By Wilawan Watcharasakwe
Thailand’s king reduced former Prime Minister Thaksin Shinawatra’s prison term to one year from eight years, the Royal Gazette said on Friday, a day after the tycoon applied for a pardon.
The announcement did not say whether King Maha Vajiralongkorn (Rama X) was granting Thaksin an outright pardon through his decision.
“[D]ue to his past history as a prime minister … the King acknowledged the matter, [and] therefore reduced the sentence to one year in jail so that he can use his expertise and experience to contribute to the nation, society and people,” the announcement read.
Thaksin, 74, a billionaire telecoms tycoon and patriarch of the Pheu Thai party, which returned to power last week, came home 10 days ago after 15 years of self-exile. He fled Thailand in 2008 to avoid serving eight years in prison for corruption and abuse of power, in a case he claims was politically motivated.
Following his return last week, the former PM was hospitalized after his first night in prison. He had been taken into custody shortly after arriving in Bangkok from Singapore aboard an executive jet on Aug. 22.
Thaksin was ousted as prime minister in a military coup in 2006. In May 2014, the military also toppled a government headed by his sister, Yingluck.
He was jailed for approving a low-interest loan from the Export-Import Bank of Thailand to Myanmar’s government to buy telecommunications equipment from a company he controlled.
His sentence is also tied to his involvement in a state lottery scheme and efforts to conceal shares in his family business, SHIN Corp., from 2001 to 2006 when the company benefited from government concessions.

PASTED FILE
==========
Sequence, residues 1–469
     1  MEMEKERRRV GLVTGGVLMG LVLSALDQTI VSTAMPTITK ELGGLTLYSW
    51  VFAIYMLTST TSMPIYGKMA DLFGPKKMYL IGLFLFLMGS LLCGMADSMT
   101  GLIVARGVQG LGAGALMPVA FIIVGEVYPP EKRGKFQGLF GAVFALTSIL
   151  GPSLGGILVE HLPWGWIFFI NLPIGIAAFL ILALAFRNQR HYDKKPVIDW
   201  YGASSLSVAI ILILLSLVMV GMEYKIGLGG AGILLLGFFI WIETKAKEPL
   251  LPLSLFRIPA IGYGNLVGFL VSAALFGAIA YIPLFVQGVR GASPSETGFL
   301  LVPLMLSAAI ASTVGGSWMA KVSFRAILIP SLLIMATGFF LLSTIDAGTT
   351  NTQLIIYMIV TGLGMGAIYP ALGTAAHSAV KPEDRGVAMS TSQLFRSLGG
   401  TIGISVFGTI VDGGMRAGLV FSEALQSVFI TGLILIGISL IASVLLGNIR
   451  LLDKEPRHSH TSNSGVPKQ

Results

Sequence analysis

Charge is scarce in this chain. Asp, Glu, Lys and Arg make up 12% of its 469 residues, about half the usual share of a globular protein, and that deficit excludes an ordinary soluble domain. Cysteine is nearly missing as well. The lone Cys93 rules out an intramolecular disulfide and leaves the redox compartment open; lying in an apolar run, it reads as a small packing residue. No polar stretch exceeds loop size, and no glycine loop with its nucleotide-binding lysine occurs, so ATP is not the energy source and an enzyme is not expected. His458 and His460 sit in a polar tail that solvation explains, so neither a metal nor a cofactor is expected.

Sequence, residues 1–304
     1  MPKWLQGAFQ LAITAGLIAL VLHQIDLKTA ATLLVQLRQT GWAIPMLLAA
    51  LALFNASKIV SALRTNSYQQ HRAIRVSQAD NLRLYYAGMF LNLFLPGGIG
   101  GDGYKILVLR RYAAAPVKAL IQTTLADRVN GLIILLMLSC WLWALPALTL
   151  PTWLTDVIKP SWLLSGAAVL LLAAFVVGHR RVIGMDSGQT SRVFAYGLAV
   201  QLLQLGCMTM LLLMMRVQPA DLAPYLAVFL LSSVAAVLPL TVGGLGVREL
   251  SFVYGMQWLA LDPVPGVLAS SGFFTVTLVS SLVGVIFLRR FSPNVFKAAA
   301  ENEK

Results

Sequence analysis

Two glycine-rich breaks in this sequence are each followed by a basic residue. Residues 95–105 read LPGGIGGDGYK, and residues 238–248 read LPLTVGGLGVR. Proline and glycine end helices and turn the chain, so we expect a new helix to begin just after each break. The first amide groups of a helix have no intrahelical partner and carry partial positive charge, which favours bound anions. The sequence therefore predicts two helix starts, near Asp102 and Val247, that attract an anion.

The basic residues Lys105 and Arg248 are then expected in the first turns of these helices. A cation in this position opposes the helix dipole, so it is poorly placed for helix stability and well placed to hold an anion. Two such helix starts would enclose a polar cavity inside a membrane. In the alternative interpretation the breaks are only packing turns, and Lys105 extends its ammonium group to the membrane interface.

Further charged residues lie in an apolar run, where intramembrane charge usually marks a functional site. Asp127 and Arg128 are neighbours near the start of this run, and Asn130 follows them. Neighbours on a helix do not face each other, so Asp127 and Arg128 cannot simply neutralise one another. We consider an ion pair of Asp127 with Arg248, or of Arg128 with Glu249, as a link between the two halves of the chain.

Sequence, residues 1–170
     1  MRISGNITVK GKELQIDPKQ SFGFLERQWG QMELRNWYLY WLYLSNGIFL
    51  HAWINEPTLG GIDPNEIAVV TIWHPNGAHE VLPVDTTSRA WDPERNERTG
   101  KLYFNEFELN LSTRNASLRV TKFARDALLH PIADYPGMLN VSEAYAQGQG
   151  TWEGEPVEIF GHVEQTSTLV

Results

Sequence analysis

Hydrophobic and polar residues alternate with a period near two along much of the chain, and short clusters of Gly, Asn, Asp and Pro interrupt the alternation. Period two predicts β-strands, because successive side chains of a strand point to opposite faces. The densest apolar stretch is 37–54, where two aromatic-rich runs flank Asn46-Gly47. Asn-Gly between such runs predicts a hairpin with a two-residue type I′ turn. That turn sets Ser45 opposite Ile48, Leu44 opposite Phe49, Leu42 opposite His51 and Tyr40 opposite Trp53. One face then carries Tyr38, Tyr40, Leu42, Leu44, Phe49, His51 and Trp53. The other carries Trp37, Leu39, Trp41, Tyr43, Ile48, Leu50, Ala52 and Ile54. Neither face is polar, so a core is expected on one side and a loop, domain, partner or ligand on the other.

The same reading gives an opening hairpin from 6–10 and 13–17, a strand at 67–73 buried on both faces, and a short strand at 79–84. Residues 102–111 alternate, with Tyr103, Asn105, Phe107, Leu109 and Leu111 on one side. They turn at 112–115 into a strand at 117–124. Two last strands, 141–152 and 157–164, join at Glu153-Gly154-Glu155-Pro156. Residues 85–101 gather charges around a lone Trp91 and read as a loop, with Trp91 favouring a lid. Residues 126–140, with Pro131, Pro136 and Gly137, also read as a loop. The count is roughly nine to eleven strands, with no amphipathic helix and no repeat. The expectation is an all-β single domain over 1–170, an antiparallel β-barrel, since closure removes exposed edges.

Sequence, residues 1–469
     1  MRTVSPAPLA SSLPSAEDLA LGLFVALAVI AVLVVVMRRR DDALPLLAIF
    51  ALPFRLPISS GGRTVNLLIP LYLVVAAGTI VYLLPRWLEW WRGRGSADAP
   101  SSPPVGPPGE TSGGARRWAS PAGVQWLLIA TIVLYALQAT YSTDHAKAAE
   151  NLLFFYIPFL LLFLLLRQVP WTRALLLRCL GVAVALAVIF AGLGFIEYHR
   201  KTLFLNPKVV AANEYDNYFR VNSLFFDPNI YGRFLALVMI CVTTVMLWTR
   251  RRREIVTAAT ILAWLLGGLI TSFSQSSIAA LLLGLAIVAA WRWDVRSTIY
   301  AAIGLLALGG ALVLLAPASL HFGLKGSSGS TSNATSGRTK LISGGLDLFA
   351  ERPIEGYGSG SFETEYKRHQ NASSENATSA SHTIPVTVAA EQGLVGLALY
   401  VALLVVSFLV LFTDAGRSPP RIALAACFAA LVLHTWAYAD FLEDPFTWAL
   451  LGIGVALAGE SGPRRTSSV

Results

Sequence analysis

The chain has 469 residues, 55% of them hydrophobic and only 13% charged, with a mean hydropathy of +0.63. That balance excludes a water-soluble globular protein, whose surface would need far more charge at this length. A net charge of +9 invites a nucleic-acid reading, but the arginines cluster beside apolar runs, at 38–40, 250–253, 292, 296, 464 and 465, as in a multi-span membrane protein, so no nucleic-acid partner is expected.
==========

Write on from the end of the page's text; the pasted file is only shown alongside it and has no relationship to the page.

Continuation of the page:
‘Amnesty way too rapidly’
The former PM’s party Pheu Thai heads a ruling coalition established through a power-sharing deal struck with parties aligned with the very military that overthrew him and Yingluck.
Pheu Thai was the runner-up in the May 14 general election, placing second to the progressive Move Forward Party.
Pheu Thai jettisoned Move Forward from a prospective ruling bloc to strike a bargain with pro-military parties and elect Srettha Thavisin prime minister just hours after Thaksin’s return.
“I congratulate Thaksin’s family on the news,” Srettha told reporters, according to Agence France-Presse news agency.
“His family must be happy. I heard he suffers from high blood pressure. They must be at ease.”
Thaksin’s daughter, Paetongtarn, an MP who was a potential Pheu Thai prime ministerial candidate, issued a social media statement for the family saying they “humbly” appreciated the king’s gesture.
“Thaksin Shinawatra will use his lifelong experience, knowledge and talent to serve the public and the monarch, henceforth. Long live the King,” she wrote.
Angkhana Neelapaijit, a human rights activist, said the king had the right to take such action, but she questioned if Thaksin received special treatment.
“It is worth noting that the department of corrections proceeded with ‘amnesty way too rapidly, compared with other cases. Is it discrimination against other inmates because he has not had to sleep in the jail but in a [Very Important Person] hospital room,” she told BenarNews.
A group called Free Youth, which had been involved in protests that began in July 2020 and have demanded that the monarchy be reformed, called for amnesty for more people.
“King Rama X reduced the sentence for Thaksin to one year, while many others are serving jail terms on charges of lèse-majesté,” the group said on its Facebook page. “Some go on hunger strikes to demand bail. Justice must prevail for all.”
Lèse-majesté is the nation’s strict anti-royal defamation law which carries a prison term of up to 15 years. As of March 2023, at least 238 people, including a 15-year-old girl, had been charged with violating lèse-majesté, Thai Lawyers for Human Rights had said.
Two political analysts said Thaksin may spend little time in custody.
“Pheu Thai is the government, so imprisonment is going to be convenient and short,” Thanaporn Sriyakul, political science department chairman at Kasetsart University, told BenarNews.
There likely had been a plan leading up to Thaksin ending his self-exile, said another analyst, Nattakorn Withitanon, a political scientist at Chiang Mai University.
“It is believed that talks have been held to ensure a smooth return and that he would not have a long sentence,” Nattakorn told BenarNews.
“It is believed that Thaksin had the power to determine the direction, including the negotiations with various parties.”
Kunnawut Boonreak, in Chiang Mai, Thailand, contributed to this report.